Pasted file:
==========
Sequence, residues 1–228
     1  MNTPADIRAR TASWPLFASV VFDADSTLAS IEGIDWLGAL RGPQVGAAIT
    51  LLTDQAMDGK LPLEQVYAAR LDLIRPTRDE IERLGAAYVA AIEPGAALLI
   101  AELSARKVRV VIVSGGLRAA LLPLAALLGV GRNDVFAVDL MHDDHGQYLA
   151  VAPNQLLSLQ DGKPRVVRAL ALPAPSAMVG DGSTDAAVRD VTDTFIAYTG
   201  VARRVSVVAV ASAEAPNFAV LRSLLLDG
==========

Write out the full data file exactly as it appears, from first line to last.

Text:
Sequence, residues 1–228
     1  MNTPADIRAR TASWPLFASV VFDADSTLAS IEGIDWLGAL RGPQVGAAIT
    51  LLTDQAMDGK LPLEQVYAAR LDLIRPTRDE IERLGAAYVA AIEPGAALLI
   101  AELSARKVRV VIVSGGLRAA LLPLAALLGV GRNDVFAVDL MHDDHGQYLA
   151  VAPNQLLSLQ DGKPRVVRAL ALPAPSAMVG DGSTDAAVRD VTDTFIAYTG
   201  VARRVSVVAV ASAEAPNFAV LRSLLLDG